Mobile Suit Gundam Thunderbolt – Bandit Flower Review

Much like the first Thunderbolt film, Bandit Flower is based on Yasuo Ohtagaki’s original manga of the same name, following the twisted paths of Io Fleming and Daryl Lorenz, two pilots on opposite sides of the One Year War, though this film, minus the opening five minutes set during the Battle of A Baoa Qu (the final conflict of the war) is actually set eight months after the end of the conflict…

Setting the next chunk of the story after the war is potentially interesting, but this is where the series takes quite the different path, as it actually becomes far more bog-standard than its original self. Io soon joins a Federation cruiser called the Spartan, piloting a new Gundam code-named Atlas, and starts to fall for a girl named Bianca who shares his love of jazz. This all takes away from what the original movie did so well: playing both sides of the war as mixes of good and bad, with Io being hard to like despite being on what was normally the “good side”, and Daryl being very easy to like despite being on the “clear reference to the Nazis side”. Io here is still slightly cocky, but in a loveable rogue way, rather than an actual arrogant way, and the set up is classic Gundam: capital ship travelling around with one Gundam on board.

Daryl on the other hand is the same as he was in the previous movie, and is now considered to be a hero among the remnants of Zeon for giving up his limbs to pilot the Psycho Zaku, as seen in the previous movie. He is struggling, not just to pilot mobile suits with four prosthetic limbs, but emotionally as well, but he still happily reminisces and enjoys the scenery of Earth.

Both the Spartan/Io and the Zeon remnants/Daryl are on Earth for the same reason: a religious nation called the “South Seas Alliance” seemingly has Daryl’s old Psycho Gundam, or at least the technology behind it, so both sides want to either get their hands on it, or destroy it. This leads to battles between the Federation and the Zeon faction, and battles against the South Seas Alliance.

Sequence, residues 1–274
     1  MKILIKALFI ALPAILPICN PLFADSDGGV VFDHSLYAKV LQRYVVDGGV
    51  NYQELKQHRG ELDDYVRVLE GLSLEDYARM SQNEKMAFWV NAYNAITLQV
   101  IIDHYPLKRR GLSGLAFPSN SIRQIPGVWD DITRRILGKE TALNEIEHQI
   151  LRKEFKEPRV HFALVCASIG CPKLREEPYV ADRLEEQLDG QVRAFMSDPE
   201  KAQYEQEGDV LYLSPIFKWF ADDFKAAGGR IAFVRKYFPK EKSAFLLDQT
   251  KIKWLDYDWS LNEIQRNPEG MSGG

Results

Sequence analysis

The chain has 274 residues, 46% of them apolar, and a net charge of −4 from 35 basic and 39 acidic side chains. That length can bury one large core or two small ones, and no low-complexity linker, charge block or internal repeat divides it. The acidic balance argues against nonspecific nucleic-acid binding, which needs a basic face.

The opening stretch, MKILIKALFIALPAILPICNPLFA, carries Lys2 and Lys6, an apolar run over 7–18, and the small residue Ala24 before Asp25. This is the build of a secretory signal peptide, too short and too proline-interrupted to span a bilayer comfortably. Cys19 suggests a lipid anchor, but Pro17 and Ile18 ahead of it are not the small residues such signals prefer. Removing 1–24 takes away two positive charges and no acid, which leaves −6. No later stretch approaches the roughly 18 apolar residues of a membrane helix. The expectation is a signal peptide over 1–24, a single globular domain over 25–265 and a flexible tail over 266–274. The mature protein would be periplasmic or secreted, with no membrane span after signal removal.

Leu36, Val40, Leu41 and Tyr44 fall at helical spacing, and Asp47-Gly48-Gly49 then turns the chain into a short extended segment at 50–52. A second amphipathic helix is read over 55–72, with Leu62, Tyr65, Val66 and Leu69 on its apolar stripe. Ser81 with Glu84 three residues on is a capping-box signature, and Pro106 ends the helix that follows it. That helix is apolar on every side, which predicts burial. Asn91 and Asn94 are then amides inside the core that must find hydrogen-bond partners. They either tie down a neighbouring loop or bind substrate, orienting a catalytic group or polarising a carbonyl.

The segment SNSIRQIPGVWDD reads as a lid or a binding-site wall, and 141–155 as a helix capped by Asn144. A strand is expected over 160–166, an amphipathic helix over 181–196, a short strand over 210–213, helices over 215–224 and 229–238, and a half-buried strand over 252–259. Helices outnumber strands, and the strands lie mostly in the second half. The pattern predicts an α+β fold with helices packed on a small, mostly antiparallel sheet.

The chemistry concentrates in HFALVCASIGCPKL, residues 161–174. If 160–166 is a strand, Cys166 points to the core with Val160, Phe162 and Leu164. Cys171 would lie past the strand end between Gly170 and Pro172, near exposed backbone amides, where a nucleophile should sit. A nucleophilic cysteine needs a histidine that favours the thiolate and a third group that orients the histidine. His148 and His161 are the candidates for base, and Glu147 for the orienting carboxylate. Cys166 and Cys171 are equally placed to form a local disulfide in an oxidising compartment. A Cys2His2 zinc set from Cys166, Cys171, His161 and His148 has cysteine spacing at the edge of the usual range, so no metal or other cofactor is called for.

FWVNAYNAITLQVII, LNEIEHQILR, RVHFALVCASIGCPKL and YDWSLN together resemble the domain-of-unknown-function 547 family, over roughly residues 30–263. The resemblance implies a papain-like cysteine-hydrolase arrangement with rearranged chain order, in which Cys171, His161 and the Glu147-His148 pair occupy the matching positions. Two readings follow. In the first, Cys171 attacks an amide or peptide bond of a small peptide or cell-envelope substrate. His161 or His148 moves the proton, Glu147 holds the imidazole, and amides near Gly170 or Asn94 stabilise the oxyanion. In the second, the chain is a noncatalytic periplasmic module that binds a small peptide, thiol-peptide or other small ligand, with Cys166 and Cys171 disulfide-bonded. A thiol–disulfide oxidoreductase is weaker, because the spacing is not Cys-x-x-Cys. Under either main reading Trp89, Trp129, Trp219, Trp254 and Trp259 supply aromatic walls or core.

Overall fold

That’s one thing I will say lives up to the original: the animation. It’s high quality, both the art and animation, and looks nice and bright on Blu-ray. Sound-wise the film is good too, featuring some more Jazz and country music (though in the case of the latter, it’s all in Japanese, rather than the hilariously poor attempt at an English country song we got last time, which is a shame, in a way…) as well as a decent regular soundtrack for certain battles. The music isn’t in any kind of focus here though, like it was in the first film. Voice acting is strong in both languages also.

The on-disc extras are simple promos, adverts and trailers, but if you buy the limited edition you get a poster and five art cards along with the matching box for your UK Gundam collection.

The first Thunderbolt film really felt fresh and interesting, a focus on music and the horrors of war with a pilot rivalry at its core, all set in a unique location, whereas Bandit Flower feels far more by-the-numbers, especially Io becoming less of a prick and getting a far more friendly girlfriend than the drugged-up mess he had in the first film. This isn’t to say the film is bad, the 80-odd minutes flew by and it’s got some great action, very fluidly animated, it’s just it feels like a standard addition to Universal Century Gundam, rather than the unusual standout the original was…

7 / 10

Cold Cobra

Having watched anime since it was airing late night on the Sci-Fi channel in the late 90s, I consider myself... someone who's watched a lot of anime, and then got hired to write reviews about them. Hooray!

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